Eugenie Shen, Managing Director, Head of Asset Management Group, Asia Securities Industry & Financial Markets Association (ASIFMA) and Alex Roberts, Counsel, Linklaters

    To protect public and societal interest, ensure network security and safeguard national security, China has passed a series of data security and data protection laws in the past few years which, due to the cross-border data transfer or sharing restrictions under these laws, pose particular challenges for global institutions, especially financial institutions, which need information from their subsidiaries or counterparts in China. This paper summarises the three principal laws that govern the collection, storage, transfer and use of data within China and what global institutions with connections to China need to know.
    Keywords: data security; data privacy; data transfer; personal information; Cyberspace Administration of China (CAC); China Securities and Regulatory Commission (CSRC)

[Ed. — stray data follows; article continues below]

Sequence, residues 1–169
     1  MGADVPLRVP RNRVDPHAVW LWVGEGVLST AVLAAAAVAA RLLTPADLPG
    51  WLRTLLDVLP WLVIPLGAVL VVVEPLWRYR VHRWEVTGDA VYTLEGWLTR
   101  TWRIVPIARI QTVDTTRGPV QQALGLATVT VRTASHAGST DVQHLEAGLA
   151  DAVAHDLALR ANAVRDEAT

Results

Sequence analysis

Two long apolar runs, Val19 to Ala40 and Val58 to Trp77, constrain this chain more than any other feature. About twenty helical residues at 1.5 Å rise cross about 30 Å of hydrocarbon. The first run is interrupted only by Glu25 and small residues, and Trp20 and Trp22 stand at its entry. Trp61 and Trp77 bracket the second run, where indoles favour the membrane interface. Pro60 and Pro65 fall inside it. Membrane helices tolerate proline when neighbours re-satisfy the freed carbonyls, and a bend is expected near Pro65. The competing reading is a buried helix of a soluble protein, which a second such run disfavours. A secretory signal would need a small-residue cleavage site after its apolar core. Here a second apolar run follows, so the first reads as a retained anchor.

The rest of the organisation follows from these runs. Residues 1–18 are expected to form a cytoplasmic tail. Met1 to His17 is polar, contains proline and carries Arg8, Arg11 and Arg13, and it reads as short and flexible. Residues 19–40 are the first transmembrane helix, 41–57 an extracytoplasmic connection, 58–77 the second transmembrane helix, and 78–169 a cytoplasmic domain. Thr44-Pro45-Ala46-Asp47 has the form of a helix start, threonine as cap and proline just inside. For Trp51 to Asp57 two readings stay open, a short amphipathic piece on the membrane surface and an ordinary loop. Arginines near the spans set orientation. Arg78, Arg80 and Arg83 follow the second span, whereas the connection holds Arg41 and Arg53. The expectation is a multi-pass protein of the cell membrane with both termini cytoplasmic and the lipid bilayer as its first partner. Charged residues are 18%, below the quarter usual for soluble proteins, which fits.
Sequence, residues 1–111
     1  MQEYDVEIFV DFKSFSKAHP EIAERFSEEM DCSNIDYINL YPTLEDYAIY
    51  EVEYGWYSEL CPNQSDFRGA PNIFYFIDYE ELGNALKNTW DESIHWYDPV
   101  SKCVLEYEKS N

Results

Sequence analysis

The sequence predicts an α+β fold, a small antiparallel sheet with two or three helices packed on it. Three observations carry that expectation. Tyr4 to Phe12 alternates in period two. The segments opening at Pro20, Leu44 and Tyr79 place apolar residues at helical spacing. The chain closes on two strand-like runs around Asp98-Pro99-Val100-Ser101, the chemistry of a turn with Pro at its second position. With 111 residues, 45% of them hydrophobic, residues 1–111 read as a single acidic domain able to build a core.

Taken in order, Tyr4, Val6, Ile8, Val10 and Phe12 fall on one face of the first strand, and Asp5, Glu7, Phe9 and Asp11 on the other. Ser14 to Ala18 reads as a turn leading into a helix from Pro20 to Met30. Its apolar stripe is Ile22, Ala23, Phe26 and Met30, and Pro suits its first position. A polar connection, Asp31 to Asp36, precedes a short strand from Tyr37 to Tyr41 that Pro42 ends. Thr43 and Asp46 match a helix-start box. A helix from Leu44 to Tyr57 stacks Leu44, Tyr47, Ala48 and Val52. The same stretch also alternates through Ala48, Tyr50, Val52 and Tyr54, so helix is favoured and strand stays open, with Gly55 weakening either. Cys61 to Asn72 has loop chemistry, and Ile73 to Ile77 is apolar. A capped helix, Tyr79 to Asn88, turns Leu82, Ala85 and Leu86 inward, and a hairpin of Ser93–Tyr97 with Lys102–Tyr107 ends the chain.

• ESG ratings: How to undertake a proactive review to minimise any hidden fraud and corruption and improve a company’s governance rating
    Duncan Smith, Deputy Head of Investigations, European Investment Bank

    This paper describes a framework used by the European Investment Bank (EIB) — that would be transferable to interested compliance and investigation teams of corporate entities — to undertake proactive fraud reviews. These processes (at EIB known as Proactive Integrity Reviews but by other names at other multilateral development banks (MDBs), such as Detailed Implementation Reviews at World Bank) assess the weaknesses and gaps that may have been (or in the future could be) exploited by fraudsters. A key part of the review is to make remedial recommendations that, if implemented, would minimise fraud and corruption in corporate supply chains and other key processes. Conducting such reviews can be time consuming and costly but, when undertaken in high-risk processes where there is no actual allegation of fraud or corruption having occurred, can identify a number of fraud risks. Among the benefits of these reviews are (i) maintaining (or even improving) the company's environmental, social and governance (ESG) rating and share price; (ii) minimising fraud and corruption risk; and (iii) limiting the danger of: (a) related and potentially expensive litigation; (b) significant negative publicity; and/or (c) a law enforcement agency's criminal investigation and prosecution.